Victory in Europe (V-E) Day

On May 7, 1945, Nazi Germany surrendered, ending World War II in Europe. United States General Dwight Eisenhower accepted the surrender at his headquarters in Reims, France. The Allies declared the following day, May 8, as V-E Day, or Victory in Europe Day.

Germany’s surrender brought a great sense of relief in Europe and in Allied nations around the world. Some people celebrated, parading and cheering the Allied victory. To many, however, the end of fighting in Europe was bittersweet. During nearly 6 years of war, millions of people had died. Millions more had lost their homes. The war had destroyed a great number of European cities, including nearly every major city in Germany. Also, in May 1945, the full extent of the Holocaust was not yet known. But concentration camps liberated by Allied troops revealed unimaginable horrors. Europe’s collective trauma would not be healed in a day.

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World War II in Europe 1943-1945

Germany’s surrender had been anticipated for months, making each new battle, each new casualty doubly painful. After Germany finally did surrender, Allied troops in Europe couldn’t just go home. Many were needed to keep the peace in Germany, to help begin a long process of cleaning up. Many others expected a trip to the Pacific, where the bloody war against Japan continued in force. To troops in Burma, China, Okinawa, the Philippines, and elsewhere, V-E Day was just another fighting day. Japan’s defeat seemed inevitable, but when and at what cost?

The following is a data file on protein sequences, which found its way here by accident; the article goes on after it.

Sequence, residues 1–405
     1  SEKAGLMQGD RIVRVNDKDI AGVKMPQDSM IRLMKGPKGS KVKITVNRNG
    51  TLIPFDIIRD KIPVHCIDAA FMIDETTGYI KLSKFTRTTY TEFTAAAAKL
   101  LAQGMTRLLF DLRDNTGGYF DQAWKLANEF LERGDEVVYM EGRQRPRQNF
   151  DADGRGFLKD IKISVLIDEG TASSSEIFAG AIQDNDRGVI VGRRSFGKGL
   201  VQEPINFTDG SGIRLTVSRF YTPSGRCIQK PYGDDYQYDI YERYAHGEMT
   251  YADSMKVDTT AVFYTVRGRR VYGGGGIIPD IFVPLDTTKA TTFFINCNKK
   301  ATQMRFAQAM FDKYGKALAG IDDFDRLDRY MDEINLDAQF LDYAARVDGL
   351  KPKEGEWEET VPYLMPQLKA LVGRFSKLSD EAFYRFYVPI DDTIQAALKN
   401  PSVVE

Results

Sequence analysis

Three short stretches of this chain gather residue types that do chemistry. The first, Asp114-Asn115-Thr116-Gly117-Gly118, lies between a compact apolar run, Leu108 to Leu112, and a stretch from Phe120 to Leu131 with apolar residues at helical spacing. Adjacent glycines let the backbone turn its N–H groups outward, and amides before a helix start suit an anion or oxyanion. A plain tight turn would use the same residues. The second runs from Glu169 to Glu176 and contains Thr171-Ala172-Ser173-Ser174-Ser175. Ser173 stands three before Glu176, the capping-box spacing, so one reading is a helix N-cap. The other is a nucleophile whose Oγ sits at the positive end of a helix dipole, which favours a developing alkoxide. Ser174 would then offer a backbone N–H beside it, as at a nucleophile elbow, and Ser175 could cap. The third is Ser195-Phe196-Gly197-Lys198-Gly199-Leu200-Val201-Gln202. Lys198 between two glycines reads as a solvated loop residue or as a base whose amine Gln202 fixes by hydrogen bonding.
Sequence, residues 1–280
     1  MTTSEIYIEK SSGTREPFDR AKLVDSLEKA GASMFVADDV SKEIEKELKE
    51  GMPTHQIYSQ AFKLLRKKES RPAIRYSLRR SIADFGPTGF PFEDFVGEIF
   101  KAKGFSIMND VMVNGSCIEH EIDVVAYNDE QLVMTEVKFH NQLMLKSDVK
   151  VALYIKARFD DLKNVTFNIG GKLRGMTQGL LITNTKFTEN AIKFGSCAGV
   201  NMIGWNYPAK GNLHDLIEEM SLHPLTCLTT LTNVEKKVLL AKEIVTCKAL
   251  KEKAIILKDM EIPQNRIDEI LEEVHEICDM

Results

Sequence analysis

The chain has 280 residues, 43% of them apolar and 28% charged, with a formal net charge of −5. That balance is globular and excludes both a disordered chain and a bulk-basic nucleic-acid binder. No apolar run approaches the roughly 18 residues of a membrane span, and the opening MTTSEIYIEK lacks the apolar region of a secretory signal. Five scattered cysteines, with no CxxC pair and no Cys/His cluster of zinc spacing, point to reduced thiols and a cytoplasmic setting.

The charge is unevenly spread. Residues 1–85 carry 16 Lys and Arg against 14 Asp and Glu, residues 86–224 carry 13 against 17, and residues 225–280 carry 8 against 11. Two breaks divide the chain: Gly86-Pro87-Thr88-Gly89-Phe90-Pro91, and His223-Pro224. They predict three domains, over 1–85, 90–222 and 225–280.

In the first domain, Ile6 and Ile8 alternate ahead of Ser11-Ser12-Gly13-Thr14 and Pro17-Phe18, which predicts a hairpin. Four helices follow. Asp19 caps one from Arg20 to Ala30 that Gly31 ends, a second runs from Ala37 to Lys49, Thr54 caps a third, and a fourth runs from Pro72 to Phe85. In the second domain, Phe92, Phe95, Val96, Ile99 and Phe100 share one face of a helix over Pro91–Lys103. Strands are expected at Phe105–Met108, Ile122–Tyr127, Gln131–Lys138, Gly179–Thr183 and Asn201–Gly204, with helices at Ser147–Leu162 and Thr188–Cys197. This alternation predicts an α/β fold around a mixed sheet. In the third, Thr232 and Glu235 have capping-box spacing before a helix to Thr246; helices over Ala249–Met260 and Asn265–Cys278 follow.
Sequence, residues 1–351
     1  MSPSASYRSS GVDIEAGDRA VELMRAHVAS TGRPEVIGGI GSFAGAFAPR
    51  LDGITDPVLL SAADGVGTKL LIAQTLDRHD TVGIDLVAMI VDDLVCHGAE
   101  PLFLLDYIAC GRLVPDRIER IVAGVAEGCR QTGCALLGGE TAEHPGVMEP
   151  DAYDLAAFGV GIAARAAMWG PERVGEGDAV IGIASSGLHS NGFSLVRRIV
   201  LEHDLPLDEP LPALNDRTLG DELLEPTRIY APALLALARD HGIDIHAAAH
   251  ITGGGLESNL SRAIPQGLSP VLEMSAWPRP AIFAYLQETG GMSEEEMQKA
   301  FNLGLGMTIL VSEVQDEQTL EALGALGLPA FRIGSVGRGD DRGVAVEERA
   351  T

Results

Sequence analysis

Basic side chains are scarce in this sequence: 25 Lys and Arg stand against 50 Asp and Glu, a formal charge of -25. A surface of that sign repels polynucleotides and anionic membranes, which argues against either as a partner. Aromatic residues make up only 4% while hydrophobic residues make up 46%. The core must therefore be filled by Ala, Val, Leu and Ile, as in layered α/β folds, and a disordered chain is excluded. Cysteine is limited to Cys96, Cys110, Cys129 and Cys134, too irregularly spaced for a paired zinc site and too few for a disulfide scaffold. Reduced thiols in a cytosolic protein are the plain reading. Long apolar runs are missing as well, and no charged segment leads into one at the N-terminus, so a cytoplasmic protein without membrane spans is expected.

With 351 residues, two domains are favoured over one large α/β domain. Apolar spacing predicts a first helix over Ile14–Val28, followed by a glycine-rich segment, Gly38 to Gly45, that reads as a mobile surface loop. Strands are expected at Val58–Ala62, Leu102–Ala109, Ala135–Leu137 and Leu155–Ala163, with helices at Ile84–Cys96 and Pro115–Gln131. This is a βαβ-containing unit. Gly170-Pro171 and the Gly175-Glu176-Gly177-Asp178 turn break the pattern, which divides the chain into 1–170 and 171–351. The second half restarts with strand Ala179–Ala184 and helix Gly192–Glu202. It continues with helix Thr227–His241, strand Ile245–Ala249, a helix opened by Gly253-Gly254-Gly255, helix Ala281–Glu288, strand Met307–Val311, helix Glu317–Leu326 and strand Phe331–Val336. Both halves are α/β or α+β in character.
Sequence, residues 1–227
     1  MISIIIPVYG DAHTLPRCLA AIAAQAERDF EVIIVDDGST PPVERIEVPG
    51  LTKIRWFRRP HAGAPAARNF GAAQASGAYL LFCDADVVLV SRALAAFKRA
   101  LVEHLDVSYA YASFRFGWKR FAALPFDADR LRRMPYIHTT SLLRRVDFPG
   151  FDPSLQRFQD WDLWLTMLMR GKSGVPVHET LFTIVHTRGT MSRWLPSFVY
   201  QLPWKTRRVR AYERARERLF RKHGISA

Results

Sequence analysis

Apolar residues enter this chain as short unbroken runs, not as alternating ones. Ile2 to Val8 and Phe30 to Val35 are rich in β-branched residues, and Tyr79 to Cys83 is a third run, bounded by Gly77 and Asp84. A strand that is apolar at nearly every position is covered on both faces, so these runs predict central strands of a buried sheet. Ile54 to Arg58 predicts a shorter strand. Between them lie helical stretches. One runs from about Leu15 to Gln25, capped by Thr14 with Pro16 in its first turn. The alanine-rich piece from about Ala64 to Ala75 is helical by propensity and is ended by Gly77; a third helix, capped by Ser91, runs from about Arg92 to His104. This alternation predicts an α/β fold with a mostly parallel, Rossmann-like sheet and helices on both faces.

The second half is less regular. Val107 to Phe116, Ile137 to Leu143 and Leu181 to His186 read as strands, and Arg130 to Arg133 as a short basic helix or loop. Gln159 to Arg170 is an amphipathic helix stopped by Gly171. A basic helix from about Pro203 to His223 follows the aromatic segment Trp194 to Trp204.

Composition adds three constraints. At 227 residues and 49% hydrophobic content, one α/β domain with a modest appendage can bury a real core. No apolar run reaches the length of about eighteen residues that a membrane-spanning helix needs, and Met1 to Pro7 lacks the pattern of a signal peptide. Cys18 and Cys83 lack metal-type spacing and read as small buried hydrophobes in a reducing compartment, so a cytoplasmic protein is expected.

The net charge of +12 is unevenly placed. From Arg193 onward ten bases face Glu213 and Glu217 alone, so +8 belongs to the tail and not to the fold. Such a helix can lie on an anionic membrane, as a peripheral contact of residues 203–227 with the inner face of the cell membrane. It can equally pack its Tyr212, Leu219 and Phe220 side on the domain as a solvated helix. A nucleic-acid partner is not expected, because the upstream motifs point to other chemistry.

V-E Day remains a hugely important day in world history. But in May 1945, there was much work yet to be done. It would take months and much more bloodshed until Japan’s surrender– Victory over Japan Day, or V-J Day–ultimately ended World War II.

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